Interviews

Angel Reda

By: Iris Wiener

The Broadway musical, War Paint, chronicles the story of Helena Rubinstein and Elizabeth Arden, ferocious rivals played respectively by Patti LuPone and Christine Ebsersole. The two women reinvented the 20th Century beauty industry, and the musical centers on their challenges as women and adversaries in transforming how the world saw women.in the business. Their tale is complemented, and enhanced, by Angel Reda, a member of one of the hardest working ensembles in the theatre today. Angel is a Kansas native best known for covering every role in Broadway’s Chicago and one of Hugh Jackman’s dancers in Hugh Jackman in Performance. In War Paint, she dons many heals and shades of lipstick as Ms. Arden’s solicitor, Miss Smythe, and plays a number of other roles as well.  Angel spoke with Theaterlife.com about the challenges and privileges of working on a new musical, along with her desire to play Shakespeare.

By: Iris Wiener

The Broadway musical, War Paint, chronicles the story of Helena Rubinstein and Elizabeth Arden, ferocious rivals played respectively by Patti LuPone and Christine Ebsersole. The two women reinvented the 20th Century beauty industry, and the musical centers on their challenges as women and adversaries in transforming how the world saw women.in the business. Their tale is complemented, and enhanced, by Angel Reda, a member of one of the hardest working ensembles in the theatre today. Angel is a Kansas native best known for covering every role in Broadway’s Chicago and one of Hugh Jackman’s dancers in Hugh Jackman in Performance. In War Paint, she dons many heals and shades of lipstick as Ms. Arden’s solicitor, Miss Smythe, and plays a number of other roles as well.  Angel spoke with Theaterlife.com about the challenges and privileges of working on a new musical, along with her desire to play Shakespeare.

TheaterLife: What is your earliest memory of yourself as a performer?

Angel Reda: My parents put me in dance class at three because they thought I needed to be social, which is hilarious! I’m sure I was a handful. We did a recital, and they put all the little kids on stage. I don’t remember what I was doing, but I remember the outfit: green, with sparkly hats. It was probably the start of my fascination with hats. I was at the Music Hall in Kansas City, and they lined the kids up on each side out in the audience. My father was in the audience and he found me in line and took the picture. I looked at him, and he had this new, big camera, and I remember him taking the shot. I don’t remember anything about the performance I gave, but the capturing of that moment was my first memory of the business. I think it was the click. It’s really crazy. They still have that photo!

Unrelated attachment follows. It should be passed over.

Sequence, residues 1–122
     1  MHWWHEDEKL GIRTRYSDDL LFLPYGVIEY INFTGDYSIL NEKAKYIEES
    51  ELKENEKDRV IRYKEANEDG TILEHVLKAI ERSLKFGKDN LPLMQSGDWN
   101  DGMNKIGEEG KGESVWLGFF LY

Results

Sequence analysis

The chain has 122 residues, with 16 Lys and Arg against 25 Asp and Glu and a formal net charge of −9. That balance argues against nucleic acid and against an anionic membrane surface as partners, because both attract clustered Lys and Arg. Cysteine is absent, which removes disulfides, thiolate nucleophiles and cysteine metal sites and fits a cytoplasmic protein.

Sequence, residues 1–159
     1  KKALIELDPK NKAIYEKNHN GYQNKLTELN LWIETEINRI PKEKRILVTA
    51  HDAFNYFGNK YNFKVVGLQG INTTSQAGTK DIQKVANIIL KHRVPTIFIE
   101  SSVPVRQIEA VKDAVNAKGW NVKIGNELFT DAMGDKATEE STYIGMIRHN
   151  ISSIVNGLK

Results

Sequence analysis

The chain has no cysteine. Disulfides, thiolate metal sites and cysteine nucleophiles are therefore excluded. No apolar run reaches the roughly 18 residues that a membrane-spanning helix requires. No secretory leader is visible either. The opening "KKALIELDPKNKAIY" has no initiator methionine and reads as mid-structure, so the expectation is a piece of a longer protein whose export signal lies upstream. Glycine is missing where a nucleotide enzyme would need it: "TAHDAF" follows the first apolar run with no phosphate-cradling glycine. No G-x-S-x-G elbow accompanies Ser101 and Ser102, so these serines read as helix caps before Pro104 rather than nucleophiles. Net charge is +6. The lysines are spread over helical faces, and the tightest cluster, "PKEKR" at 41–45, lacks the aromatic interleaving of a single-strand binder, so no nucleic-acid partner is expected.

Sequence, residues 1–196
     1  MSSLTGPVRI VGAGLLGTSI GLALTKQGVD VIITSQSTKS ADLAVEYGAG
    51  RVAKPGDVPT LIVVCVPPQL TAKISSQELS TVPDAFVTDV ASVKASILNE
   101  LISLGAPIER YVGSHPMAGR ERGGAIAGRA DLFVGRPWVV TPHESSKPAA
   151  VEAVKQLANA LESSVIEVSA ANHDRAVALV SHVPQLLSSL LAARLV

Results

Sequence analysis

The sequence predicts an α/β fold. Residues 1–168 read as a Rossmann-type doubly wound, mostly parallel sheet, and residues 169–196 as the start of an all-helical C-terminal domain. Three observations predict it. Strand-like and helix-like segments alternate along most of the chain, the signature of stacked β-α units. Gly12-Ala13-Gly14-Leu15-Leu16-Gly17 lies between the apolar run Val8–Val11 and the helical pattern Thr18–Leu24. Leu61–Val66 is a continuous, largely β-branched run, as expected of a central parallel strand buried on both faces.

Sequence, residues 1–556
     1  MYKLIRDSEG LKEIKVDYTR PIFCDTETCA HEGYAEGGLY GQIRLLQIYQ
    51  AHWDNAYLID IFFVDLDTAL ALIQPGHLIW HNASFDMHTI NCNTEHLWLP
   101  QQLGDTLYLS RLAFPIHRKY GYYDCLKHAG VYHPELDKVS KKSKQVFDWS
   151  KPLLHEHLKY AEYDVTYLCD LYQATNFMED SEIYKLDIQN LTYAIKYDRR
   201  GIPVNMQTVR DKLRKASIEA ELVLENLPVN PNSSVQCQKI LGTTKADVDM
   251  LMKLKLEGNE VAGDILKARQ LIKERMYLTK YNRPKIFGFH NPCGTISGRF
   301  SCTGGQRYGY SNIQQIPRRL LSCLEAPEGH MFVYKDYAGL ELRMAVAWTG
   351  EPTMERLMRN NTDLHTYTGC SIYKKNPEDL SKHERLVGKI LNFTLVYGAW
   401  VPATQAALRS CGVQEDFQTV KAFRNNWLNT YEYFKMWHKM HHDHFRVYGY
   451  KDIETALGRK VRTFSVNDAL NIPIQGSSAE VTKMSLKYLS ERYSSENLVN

TL: How did you know that acting and performing should be your profession, and not just a way for you to “socialize?”

AR: (Laughs) I don’t know if I thought acting would be my thing, but I always performed. I used to be in a performance group called the Miller Marley Entertainers out of Overland Park, Kansas. We would sing and dance, so acting came a little bit later for me. My dad took me to New York City and I saw Lea Salonga do Miss Saigon, and I thought, “I want to be her.” That was also the day when I saw the emotional impact a performer could have on an audience. I knew that I wanted to be that type of actress. There’s an element to me that might be a little bit different than it is for most musical theatre people. I did the World’s Fair with the Entertainers in Seville, Spain at the age of 10. I sang “Somewhere Over the Rainbow” for the U.S. pavilion, so it was a little bit different from musical theatre. However, that gave me the groundwork. Then I saw Lea Salonga perform live, and that really opened my eyes, essentially changing everything.

TL: And now, even with Broadway credits under your belt, you are still working to better yourself.

AR: It has been quite some time since I’ve had a vocal lesson, but I just felt the need to go get a class and meet someone new, so I did. There are points when you’re in a long-running show and you think, “This is great. I’m kind of floating.” But I think that there’s a push, especially if you want to break boundaries to do something different. That’s why I’m thinking about doing a Shakespeare intensive, just to work that muscle and see where it takes me. The business has a way of putting you in a box casting-wise, but War Paint has been a blessing because I get to do it all. I am a Character actress that becomes an Arden Girl rounding the night off with a solid acting scene as the Solicitor.  I’ve been given such a gift to have this experience and I have no idea what my next move will be. However, that’s the beauty of the business. I feel very positive about the next steps.

TL: You’re not going anywhere for a while, as War Paint is a big hit. What was your knowledge of the famous feud between Helena and Elizabeth before taking on the musical?